Daily Archives: April 26, 2011

Time Out Lisboa review by Jose Carlos Fernandes

Arrive – There Was… (CF 217)
There Was… administra com justeza a liberdade que dá frescura e ímpeto ao jazz e a estrutura que permite que o edifício não pareça uma amálgama de caprichos momentâneos e mostra que há formas criativas de reciclar o jazz da Blue Note circa 1960.

O saxofonista alto Aram Shelton lidera este quarteto com base em Chicago e providencia seis peças free bop, que o vibrafonista Jason Adasiewicz (Lucky 7s), o contrabaixista Jason Roebke (Jorrit Dijkstra, Jason Stein) e o baterista Tim Daisy (Vandermark 5) moldam com apurado sentido de cumplicidade. Shelton, com as suas linhas sinuosas e assertivas e lirismo ácido, leva “Lost” a um final intenso, e “Frosted” voga como uma nuvem, tornado mais leve do que o ar pelo vibrafone encantatório de Adasiewicz.


Gapplegate Music review by Grego Edwards

Matt Bauder Quintet – Day in Pictures (CF 210)
Reed-tenor jazzologist Matt Bauder has integrity. He writes well. He plays with the assurance of someone who has internalized the music, grasped its essentials and communed with his instruments to emerge with a kind of brilliance and right-sounding quality. And as a bandleader he can pick the right people too.

A Day In Pictures (Clean Feed 210) gives you plenty of evidence to consider, and plenty of inspired moments to appreciate. He’s gathered together a quintet that gells nicely. Matt’s tenor sets the in-and-out clock to midnight, and the time flies by. He’s lucid, he’s given it all some thought and brims with good ideas, well executed. He does not ape somebody else. He apes himself. His clarinet playing goes someplace too.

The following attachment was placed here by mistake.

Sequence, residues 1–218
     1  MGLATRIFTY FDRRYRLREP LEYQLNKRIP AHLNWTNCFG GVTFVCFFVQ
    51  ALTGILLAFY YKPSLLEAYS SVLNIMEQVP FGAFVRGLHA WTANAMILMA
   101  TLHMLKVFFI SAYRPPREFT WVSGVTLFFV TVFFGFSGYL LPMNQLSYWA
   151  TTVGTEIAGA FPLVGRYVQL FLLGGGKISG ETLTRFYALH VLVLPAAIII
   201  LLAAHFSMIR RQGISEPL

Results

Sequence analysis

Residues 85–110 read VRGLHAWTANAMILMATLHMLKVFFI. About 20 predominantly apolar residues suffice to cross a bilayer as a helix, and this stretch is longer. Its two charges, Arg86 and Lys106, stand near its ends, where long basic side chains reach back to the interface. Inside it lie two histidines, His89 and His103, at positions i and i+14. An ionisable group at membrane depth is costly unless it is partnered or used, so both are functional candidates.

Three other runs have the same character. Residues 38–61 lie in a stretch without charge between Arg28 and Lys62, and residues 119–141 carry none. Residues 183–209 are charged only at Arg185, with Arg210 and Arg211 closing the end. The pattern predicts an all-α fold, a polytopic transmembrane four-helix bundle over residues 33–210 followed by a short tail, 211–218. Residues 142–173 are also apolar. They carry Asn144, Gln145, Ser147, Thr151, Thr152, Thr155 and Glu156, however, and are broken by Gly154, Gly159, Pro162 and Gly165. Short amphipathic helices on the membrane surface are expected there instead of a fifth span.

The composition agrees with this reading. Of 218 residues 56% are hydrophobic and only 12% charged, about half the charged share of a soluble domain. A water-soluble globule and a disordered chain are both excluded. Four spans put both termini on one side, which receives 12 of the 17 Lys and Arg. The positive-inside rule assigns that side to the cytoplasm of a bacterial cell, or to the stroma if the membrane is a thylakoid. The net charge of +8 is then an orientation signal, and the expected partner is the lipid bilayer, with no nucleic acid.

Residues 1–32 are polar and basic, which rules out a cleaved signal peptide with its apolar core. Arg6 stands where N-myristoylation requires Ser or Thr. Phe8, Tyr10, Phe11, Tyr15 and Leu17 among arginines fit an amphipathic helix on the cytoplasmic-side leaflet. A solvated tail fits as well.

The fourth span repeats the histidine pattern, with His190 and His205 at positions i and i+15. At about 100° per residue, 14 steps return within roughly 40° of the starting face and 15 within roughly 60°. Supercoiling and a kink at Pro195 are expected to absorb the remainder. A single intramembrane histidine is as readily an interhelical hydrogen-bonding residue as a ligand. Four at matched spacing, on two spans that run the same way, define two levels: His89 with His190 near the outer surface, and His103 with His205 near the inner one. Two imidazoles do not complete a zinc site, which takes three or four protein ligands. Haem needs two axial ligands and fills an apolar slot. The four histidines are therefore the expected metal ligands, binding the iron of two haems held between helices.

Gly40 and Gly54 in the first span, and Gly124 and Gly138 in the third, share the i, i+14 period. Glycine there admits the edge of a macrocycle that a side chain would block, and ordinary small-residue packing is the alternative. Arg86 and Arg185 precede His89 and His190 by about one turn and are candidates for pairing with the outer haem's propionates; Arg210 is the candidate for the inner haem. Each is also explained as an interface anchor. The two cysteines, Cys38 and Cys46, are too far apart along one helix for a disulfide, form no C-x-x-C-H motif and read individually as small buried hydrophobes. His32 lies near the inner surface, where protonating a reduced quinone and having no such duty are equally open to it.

Nate Wooley brings the seasoned polish and flexibly masterful playing style that gets him more and more attention on the scene in recent years. He forms a perfect foil in the front line. Bauder and Wooley meld as one in their approach, but remain themselves in the process.

The new voice of Angelica Sanchez on piano gets good exposure on Pictures. She, the complete pianist: beautifully concise in her phrasing on the inside moments; logically lucid in the free-er spots. She has real talent and does much to make this session hum.

The rhythm team of Jason Ajemian on bass and Tomas Fujiwara at the drums brings the ideal balance of swinging drive and daring looseness that beautifully suits them for Bauder’s in-and-out.

Finally, the pieces. They are brilliant as well. There’s a nod to the history of the music, some classic Blue-Note-like referencing that shimmers when placed in a more modern context. And there’s much else about these pieces. They show the hand of a talented jazz composer.

So there you have it. Five excellent players playing first-rate modern jazz. One excellent jazz scrivener showing seven of his best numbers. The combination has real heft, power, excitement.

Very much recommended.